All children experience fear during their earliest years—fear of strangers, heights, dogs, or ghostly ghouls. This is all part of normal development!* Often, these fears coincide with periods of rapid growth and learning. Here, the child learns to manage new-found information and abilities.
In his book entitled Touchpoints: The Essential Reference: Your Child’s Emotional and Behavioral Development, Dr. T. Berry Brazelton offers the following recommendations on how to help your child deal with his/her fears:
- Listen closely and respectfully to what your child tells you about his/her fears.
- Support your child as s/he learns how to cope with fears (e.g. clutching to a favorite blanket or toy). Your child will eventually grow out of this.
- Help your child understand that s/he is experiencing fear because s/he is learning about many new and sometimes scary things.
- Let your child know that all children experience fears at some point. Consider talking about your childhood fear and how you learned to overcome it. Be sure to speak to your child in words s/he can understand.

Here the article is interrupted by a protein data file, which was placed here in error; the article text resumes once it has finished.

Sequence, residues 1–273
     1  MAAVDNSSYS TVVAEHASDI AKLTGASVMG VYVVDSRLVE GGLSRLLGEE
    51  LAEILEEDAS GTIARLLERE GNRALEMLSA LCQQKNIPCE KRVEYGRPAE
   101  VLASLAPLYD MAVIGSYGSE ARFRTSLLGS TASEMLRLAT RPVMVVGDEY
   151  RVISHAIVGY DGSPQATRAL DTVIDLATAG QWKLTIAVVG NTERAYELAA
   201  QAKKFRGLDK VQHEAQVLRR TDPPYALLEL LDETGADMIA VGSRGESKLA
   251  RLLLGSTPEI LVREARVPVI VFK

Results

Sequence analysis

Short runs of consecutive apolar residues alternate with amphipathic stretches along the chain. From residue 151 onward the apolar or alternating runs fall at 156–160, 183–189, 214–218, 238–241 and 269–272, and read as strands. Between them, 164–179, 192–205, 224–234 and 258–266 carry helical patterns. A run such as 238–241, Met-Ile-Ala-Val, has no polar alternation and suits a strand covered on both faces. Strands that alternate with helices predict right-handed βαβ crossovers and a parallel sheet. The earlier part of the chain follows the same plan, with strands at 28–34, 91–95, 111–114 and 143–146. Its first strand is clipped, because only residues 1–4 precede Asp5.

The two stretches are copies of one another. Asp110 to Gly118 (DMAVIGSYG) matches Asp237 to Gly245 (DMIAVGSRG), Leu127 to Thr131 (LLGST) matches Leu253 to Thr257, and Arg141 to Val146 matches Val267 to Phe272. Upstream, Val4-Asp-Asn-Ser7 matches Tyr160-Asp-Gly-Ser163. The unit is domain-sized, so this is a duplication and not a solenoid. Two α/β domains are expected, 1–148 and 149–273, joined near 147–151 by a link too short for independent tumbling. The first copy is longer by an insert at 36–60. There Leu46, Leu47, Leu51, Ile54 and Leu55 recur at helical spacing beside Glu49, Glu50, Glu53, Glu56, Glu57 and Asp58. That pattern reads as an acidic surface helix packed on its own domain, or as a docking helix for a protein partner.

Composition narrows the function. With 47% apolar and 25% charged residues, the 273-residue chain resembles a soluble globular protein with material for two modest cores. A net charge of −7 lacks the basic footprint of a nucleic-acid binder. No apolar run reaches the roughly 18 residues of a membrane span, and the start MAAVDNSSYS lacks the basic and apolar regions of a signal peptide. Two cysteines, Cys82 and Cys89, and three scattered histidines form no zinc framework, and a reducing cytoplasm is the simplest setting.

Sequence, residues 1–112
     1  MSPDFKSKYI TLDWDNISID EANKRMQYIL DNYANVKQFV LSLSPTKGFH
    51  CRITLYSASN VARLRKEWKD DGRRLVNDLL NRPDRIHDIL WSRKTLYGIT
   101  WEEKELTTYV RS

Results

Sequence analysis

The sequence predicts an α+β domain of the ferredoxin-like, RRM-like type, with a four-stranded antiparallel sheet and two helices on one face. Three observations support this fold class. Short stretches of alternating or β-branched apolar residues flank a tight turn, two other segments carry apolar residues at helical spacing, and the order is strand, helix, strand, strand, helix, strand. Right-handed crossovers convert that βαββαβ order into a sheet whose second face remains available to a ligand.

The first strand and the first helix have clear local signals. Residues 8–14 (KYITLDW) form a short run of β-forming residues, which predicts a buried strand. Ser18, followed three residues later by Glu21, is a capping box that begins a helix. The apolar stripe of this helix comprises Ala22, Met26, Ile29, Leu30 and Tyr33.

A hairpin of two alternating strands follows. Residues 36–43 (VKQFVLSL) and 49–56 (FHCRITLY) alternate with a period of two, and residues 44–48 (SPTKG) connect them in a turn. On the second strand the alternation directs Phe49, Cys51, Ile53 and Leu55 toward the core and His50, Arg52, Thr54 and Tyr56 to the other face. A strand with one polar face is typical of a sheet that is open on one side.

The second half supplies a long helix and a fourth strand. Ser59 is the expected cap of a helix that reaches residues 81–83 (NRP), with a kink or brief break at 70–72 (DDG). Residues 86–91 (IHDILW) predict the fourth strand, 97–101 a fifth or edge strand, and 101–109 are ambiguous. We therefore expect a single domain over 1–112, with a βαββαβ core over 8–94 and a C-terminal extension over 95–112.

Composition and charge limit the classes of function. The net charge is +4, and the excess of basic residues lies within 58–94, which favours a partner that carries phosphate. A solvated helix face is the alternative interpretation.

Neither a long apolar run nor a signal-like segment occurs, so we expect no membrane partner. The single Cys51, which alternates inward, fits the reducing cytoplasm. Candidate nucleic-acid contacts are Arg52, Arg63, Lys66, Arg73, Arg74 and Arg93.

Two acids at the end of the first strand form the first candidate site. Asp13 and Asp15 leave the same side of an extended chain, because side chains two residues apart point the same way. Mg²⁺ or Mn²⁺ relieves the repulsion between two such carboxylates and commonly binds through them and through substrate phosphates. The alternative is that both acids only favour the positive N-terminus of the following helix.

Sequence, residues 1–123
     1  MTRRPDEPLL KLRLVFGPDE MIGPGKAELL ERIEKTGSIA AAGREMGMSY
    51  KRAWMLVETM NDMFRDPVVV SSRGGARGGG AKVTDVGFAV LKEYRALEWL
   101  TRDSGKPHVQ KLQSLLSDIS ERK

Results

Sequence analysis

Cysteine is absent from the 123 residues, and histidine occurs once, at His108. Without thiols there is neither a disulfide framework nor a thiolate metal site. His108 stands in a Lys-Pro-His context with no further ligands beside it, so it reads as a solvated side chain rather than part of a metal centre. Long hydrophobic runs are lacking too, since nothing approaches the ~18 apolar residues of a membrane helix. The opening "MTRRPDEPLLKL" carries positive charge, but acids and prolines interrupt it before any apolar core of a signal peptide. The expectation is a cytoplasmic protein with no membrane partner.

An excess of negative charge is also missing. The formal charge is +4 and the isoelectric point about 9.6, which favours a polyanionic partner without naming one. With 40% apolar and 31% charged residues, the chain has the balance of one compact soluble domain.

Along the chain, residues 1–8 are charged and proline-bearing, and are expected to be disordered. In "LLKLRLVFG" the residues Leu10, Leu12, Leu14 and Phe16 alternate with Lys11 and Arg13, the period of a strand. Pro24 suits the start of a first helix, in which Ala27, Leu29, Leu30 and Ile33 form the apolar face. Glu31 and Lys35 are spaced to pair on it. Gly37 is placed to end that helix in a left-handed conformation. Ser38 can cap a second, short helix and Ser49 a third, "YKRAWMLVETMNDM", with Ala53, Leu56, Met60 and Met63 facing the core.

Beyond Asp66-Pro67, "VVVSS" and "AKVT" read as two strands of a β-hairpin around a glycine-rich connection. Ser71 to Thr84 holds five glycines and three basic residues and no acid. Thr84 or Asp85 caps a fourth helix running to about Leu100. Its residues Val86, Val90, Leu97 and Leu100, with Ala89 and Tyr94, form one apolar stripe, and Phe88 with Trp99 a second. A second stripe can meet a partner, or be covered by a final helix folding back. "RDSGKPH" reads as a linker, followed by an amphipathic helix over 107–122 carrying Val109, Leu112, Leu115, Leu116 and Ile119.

- Regularly spend one-on-one time with your child. This will increase the likelihood of your child opening up to you about any anxieties s/he may have.
- Acknowledge when your child effectively faces or overcomes a fear. Celebrate the successes! This can give your child a sense of confidence and control in a seemingly scary situation.
* If your child's fears substantially impact his/her daily living or last long periods of time (i.e. six or more months), consider seeking professional support.
Source: Brazelton, T. Berry. Touchpoints: The Essential Reference: Your Child’s Emotional and Behavioral Development. Reading: Perseus Books, 1992. Print.